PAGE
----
• Pay for insurance policies as required by the IAAF, inclusive of operational activities of Dentsu and IAAF commercial partners;

• Pay for the production of the bibs in case the LOC is granted the rights to commercialise the bibs.

Bidding summary

Frequency Duration Athletes/ officials Bidding Timelines Candidatures
Open Deadline Decision
Every odd year 9 days 3200 5 years prior 4.5 years prior 4.5 years prior

This information is intended to provide future organisers with general guidelines on the main requirements for the organisation of the event and is subject to change.

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13 Responses to Yikes: Lananna still hasn’t shown Johnson Hall Track Town’s IAAF bid

  1. thedude says:

    Given that none of the hotels are that nice in Eugene, will the UO foundation be on the hook to build a **** one?

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  2. .69 FTE with cheese says:

    Nothing wrong with working for Track Town, their pizza is great. In all seriousness though, it doesn’t seem like Lanananana did anything wrong. It’s UO that seemed desperate to throw money his way in exchange for plausible deniability. UO admin has made a big business out of not knowing things, it shouldn’t surprise you that they weren’t shown the bid docs. They also didn’t know (or won’t admit) that they fired the Auditor, the Ombuds, Cleavenger, Fox, Kira, Stokes, Morlok, Gottfredson…

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    • Not in writing, in writing says:

      Coltrane goes on the record with what I’ve heard various JH denizens say to me for years now – if it’s anything important, make sure you say it in person or on the phone, and you better not write it down anywhere. It’s like Snapchat over there, but with even more scandalous content.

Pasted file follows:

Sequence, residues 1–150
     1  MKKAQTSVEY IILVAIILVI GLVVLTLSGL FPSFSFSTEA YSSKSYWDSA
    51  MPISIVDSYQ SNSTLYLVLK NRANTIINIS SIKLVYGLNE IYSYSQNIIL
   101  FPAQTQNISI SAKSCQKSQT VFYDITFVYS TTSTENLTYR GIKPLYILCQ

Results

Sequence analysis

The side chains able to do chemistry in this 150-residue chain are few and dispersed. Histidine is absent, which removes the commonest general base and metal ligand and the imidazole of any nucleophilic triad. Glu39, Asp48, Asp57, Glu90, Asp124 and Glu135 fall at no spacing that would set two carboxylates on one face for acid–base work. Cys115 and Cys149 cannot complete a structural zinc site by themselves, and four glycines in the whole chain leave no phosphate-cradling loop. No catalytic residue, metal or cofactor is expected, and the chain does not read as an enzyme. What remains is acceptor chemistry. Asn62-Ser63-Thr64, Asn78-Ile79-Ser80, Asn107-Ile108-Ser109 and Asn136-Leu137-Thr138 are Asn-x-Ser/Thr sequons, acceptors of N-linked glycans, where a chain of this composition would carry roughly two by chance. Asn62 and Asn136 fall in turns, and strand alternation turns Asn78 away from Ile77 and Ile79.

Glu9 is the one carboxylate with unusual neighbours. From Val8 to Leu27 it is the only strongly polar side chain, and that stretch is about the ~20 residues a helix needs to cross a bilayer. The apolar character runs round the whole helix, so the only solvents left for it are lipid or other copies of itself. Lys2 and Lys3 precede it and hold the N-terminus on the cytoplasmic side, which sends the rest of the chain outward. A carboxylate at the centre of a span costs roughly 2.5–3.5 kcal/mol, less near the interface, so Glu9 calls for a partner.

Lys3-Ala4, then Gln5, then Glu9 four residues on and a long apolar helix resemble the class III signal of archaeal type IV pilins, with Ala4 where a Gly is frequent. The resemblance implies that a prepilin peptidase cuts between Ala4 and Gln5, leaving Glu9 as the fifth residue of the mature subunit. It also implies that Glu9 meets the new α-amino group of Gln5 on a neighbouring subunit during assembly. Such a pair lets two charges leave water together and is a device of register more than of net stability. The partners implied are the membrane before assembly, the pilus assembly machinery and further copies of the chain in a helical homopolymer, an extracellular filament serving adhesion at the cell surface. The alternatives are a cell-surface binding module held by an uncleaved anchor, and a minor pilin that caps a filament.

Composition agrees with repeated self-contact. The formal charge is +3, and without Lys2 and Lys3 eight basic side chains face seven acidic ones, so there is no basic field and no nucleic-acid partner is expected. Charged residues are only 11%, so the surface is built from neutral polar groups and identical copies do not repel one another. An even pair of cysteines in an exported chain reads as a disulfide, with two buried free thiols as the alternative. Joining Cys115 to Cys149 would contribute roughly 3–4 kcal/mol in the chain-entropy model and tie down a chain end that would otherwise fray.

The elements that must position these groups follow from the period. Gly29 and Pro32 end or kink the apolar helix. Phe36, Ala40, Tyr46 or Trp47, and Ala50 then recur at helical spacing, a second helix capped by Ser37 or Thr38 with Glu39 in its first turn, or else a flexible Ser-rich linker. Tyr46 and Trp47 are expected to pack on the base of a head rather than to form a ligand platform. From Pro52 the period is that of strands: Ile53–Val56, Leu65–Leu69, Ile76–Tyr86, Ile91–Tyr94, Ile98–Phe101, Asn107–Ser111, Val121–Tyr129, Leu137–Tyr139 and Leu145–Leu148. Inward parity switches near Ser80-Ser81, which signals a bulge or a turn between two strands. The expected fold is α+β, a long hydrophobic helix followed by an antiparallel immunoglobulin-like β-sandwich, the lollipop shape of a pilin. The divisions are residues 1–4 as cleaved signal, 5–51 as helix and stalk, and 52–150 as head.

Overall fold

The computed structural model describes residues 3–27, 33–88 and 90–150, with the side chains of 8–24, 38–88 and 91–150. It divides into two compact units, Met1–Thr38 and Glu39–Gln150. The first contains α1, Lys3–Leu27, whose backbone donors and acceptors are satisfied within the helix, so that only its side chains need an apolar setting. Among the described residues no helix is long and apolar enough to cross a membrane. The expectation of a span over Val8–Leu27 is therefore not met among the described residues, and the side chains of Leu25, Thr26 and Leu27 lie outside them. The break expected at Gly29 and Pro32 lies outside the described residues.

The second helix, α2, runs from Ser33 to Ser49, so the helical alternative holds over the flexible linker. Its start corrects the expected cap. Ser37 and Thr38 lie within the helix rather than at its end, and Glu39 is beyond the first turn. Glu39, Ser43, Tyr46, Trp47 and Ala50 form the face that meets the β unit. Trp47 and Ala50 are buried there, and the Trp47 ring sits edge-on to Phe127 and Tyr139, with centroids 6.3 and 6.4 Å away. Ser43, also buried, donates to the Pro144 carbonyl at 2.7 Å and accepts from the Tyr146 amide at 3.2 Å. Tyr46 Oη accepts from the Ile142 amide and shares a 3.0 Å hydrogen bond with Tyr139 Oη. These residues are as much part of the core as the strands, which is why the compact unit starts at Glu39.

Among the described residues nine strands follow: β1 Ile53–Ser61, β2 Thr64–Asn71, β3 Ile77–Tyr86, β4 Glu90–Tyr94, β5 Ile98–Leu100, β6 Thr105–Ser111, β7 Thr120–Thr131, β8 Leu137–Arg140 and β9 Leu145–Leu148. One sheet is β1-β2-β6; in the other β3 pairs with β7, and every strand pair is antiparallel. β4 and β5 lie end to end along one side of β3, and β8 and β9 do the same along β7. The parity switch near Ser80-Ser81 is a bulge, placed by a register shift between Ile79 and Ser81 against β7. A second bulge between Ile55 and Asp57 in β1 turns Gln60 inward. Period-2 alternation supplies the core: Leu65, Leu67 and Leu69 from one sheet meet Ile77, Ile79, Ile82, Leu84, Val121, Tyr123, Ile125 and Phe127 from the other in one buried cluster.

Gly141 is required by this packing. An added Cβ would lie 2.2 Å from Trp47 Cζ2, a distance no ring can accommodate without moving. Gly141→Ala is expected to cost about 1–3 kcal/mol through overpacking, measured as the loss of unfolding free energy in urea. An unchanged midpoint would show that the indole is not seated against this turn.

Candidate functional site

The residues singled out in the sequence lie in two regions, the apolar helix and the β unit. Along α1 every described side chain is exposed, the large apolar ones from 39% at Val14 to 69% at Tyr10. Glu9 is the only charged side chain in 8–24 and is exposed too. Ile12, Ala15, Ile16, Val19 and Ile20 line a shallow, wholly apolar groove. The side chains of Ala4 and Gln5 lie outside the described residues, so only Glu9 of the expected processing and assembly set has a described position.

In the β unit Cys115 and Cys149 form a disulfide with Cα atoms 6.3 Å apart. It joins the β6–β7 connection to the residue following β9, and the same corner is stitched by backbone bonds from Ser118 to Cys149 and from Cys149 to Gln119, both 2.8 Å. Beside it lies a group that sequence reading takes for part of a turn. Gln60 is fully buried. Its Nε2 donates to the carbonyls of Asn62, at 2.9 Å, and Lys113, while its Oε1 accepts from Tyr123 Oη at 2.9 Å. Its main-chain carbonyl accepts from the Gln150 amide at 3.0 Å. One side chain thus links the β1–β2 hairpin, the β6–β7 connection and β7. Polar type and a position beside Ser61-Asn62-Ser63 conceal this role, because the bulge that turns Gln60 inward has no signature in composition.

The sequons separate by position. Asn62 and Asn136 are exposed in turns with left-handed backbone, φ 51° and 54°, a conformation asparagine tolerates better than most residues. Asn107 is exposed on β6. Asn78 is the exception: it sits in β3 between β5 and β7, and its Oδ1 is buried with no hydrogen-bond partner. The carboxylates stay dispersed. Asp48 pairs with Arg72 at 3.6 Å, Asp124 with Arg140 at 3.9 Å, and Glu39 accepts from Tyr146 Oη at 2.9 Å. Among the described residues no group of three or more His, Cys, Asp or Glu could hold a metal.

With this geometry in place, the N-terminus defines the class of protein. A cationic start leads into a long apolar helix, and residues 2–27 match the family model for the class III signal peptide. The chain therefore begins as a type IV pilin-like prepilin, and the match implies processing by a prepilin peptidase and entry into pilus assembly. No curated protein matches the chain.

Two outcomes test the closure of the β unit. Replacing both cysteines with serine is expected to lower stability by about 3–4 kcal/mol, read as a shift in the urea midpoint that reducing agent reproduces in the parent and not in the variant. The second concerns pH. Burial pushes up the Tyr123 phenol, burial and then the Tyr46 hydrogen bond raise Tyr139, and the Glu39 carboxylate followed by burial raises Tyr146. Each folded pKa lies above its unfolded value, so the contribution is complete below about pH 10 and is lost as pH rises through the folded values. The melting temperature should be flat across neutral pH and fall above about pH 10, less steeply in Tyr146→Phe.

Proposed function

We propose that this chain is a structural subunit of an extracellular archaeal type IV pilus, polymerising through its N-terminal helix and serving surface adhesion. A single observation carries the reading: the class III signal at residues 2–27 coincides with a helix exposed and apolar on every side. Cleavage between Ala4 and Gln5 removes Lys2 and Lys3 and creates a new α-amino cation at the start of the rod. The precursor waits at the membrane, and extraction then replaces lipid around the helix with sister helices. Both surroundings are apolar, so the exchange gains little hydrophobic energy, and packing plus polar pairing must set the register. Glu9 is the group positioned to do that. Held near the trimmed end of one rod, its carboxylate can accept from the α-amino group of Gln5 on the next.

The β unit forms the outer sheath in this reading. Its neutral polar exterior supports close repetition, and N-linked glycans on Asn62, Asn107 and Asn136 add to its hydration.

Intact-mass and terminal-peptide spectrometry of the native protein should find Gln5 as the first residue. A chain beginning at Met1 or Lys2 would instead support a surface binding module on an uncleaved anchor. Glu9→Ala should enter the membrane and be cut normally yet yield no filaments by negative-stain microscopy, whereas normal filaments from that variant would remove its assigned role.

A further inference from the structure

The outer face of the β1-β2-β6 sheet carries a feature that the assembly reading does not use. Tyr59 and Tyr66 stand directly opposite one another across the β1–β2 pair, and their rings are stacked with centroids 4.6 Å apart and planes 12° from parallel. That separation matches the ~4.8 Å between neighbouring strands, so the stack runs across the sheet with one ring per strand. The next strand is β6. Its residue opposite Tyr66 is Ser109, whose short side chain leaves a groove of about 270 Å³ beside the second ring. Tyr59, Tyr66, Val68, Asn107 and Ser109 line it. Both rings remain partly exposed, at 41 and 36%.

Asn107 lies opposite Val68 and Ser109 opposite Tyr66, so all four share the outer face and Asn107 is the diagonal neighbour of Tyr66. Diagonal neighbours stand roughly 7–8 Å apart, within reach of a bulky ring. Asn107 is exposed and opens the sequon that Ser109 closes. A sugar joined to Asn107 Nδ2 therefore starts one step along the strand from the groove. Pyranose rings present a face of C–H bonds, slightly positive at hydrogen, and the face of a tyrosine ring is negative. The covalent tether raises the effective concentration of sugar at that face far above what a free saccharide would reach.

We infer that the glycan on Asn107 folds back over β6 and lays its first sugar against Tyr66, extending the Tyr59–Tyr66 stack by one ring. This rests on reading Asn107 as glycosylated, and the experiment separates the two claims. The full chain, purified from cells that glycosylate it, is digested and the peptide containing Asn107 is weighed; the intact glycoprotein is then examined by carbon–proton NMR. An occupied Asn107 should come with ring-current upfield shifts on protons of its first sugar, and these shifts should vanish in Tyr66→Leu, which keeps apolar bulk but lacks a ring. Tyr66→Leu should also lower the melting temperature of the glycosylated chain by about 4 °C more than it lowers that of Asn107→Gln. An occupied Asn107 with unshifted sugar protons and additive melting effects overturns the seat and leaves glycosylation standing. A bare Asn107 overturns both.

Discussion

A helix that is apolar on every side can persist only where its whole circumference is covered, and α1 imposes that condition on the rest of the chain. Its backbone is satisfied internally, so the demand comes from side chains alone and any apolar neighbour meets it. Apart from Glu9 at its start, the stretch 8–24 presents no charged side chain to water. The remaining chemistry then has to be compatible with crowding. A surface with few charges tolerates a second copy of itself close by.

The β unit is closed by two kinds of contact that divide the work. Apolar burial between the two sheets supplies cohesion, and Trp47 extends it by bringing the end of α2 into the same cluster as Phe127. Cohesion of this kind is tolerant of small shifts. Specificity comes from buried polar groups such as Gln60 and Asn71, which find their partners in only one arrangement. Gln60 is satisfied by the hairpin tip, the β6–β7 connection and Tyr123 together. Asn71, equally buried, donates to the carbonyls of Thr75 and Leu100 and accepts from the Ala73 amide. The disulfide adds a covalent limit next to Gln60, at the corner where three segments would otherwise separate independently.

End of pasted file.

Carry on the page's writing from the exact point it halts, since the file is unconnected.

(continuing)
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  3. Sports Fan says:

    Based on what has been revealed, no way this thing stays within a neat $40 million price tag. Calling my shot at $250 million, with the taxpayers left holding the bag.

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    • Fishwrapper says:

      This will be the Big Dig of track events. .5 gigadollars – at least…

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  4. honest Uncle Bernie says:

    off topic, but this article re PERS might be of interest, if only for the contribution of our very own Jaimie Moffitt. (Her concern for precious tuition dollars touching given the miserly remuneration of Ms. Moffitt and her husband):

    http://www.pamplinmedia.com/pt/9-news/286449-163215-business-groups-press-for-public-pension-changes

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    • Daffy duck says:

      The volatility in state financing and pers rates is a real problem, but having a UO Vice President throw UO pers employees under the bus of state politics is just plain stupid. instead, she could have pointed out that Oregon budget costs for pensions are half the national average of the states.

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  5. SaveUofO says:

    What would be nice to see is legislation barring athletics employees from receiving any PERS benefits. It’s insulting to refer to them as public employees when they are anything but.

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    • honest Uncle Bernie says:

      Be careful, a lot of people in this state, and probably in the legislature, would be happy to lump in athletic employees with all higher education officials, including professors. Perhaps cap pensions at, say, $50K/year, the median household income in Oregon, or something like that?